In a world where the information available to us is growing at an exponential rate, we must be mindful of the fact that we have a limited capacity to receive, process and incorporate ideas into our own lives. So as a principle, it’s wise to reserve your effort for those things that are likely to make the biggest difference to whatever it is that you’re trying to achieve. So here are 3 tips to improve trading performance that will make a genuine difference.
1) Identify, track and put a cost on your errors
There are probably many quotes that you could pull up about knowing your weaknesses, but I challenge you to find a person who genuinely has no idea of their own. The truth is that it’s our reaction to our weaknesses that’s vitally important.
For example, a trader who misses many of their setups for whatever reason, is likely to know this but can react to the fact in two distinct ways. The first and most common, is that when the trader misses a winning trade, they react on an emotional level. They are annoyed with themselves and might start taking trades they haven’t planned for in order to make up for this. The chances are that these latter types of trade are likely to be less profitable and more stressful at best.
On the other hand, a trader can understand the error and prepare for it on an intellectual level. Knowing how much a specific type of error tends to cost over a set of trades and understanding when it is more likely to occur, can help to reduce its likelihood of happening again and the psychological impact when it does. A trader is likely to work on reducing an error if they can highlight the amount of money they have lost/missed out on because of it and are less likely to judge themselves on the outcome of an individual trade where an error has been made.
Take a look at my post on Using an Excel Trade Log to get an idea of how easy it is to track your errors and figure out how much they’re costing you.
2) Stick to your stops
Probably one of the biggest problems a trader faces is not sticking to their stops. This isn’t something that happens as a matter of course, but on the few days when the problem does start to impact on a trader’s P/L, things can get very ugly.
Don’t think this is something that’s not a problem for really gifted traders either. There was a guy once I knew, who was an exceptionally good reader of the markets and he’d made millions from trading – then blown it all – then made millions again – and blown it all again. I only knew of this happening twice, but I wouldn’t be surprised if the cycle had continued after we lost touch. The point is, this trader couldn’t take his stops.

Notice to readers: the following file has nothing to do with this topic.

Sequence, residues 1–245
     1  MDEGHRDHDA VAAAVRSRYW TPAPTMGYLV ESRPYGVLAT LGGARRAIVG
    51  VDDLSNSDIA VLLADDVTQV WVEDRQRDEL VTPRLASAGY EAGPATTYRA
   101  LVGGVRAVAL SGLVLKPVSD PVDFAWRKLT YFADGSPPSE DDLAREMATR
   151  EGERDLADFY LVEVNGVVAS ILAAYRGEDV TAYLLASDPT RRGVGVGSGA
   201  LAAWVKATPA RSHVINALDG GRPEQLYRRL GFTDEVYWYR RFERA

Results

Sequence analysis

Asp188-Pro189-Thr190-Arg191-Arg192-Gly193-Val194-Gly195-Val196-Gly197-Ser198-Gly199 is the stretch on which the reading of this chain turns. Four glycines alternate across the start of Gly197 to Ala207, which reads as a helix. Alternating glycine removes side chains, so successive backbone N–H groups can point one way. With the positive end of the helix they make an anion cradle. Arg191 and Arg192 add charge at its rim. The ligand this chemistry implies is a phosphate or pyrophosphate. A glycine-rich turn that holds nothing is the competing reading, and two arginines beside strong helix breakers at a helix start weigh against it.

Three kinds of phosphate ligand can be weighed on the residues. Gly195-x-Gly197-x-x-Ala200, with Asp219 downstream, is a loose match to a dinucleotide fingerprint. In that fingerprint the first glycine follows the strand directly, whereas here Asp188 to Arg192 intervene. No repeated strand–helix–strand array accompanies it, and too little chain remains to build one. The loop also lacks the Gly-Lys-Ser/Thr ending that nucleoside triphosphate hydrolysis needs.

Part of learning to take your stops is about building up confidence and finding a state of emotional balance. This can be achieved in a variety of ways. For example, making sure that your life outside of trading is harmonious means that you’re less likely to lose control of yourself when you’re trading. Adhering to your plan and finding some level of consistent profitability, is going to build confidence and mean that you’re more likely to remain loyal to your stops even in highly stressful scenarios.
But before all of this, it’s imperative that you start to change your mindset about stops and the importance of the outcome of single trades. A stop order or at the very least, the point at which you exit a losing trade, is there to protect your account and your performance over time. If you take much larger than expected losses, the impact can be significant as I suggested in Run your winning trades and cut your losers. Change your beliefs about stops and embrace them.
To paraphrase what a Trend Jumper owner recently said to me: –
“You have to stick to your stops so that you are able to stick about long enough to learn how to trade”
3) Get a handle on context
Unfortunately, trading strategies tend to perform in certain types of market conditions than others. So if you have a structural framework to work with in order to understand current market conditions and therefore the context of what is currently going on, you’re more likely to be able to identify excellent trading opportunities.
For example, if a market has been in a strong uptrend for the last few weeks, what would be the sense in selling it after it’s had a pullback roughly equal to prior pullbacks in the same trend? Now if you see some kind of top has formed, then the same pullback could have you primed to take a short on the break of the trend.
Understanding what condition the market is in, where price is relative to what it has recently done and where the chances are greatest for a large move, can not only help you identify great trades, but also avoid poor opportunities.
I also touched on context in my recent post about Candlestick Patterns.
Improve Trading Performance
There are an infinite number of things that you can change in your trading, but very few that will make a genuine difference to your bottom line. Take the time to work on these 3 ideas and I’m confident you’ll see positive improvements to your trading performance.
For more updates from Mark and the team at NetPicks, be sure to visit their trading tips blog at NetPicks.com.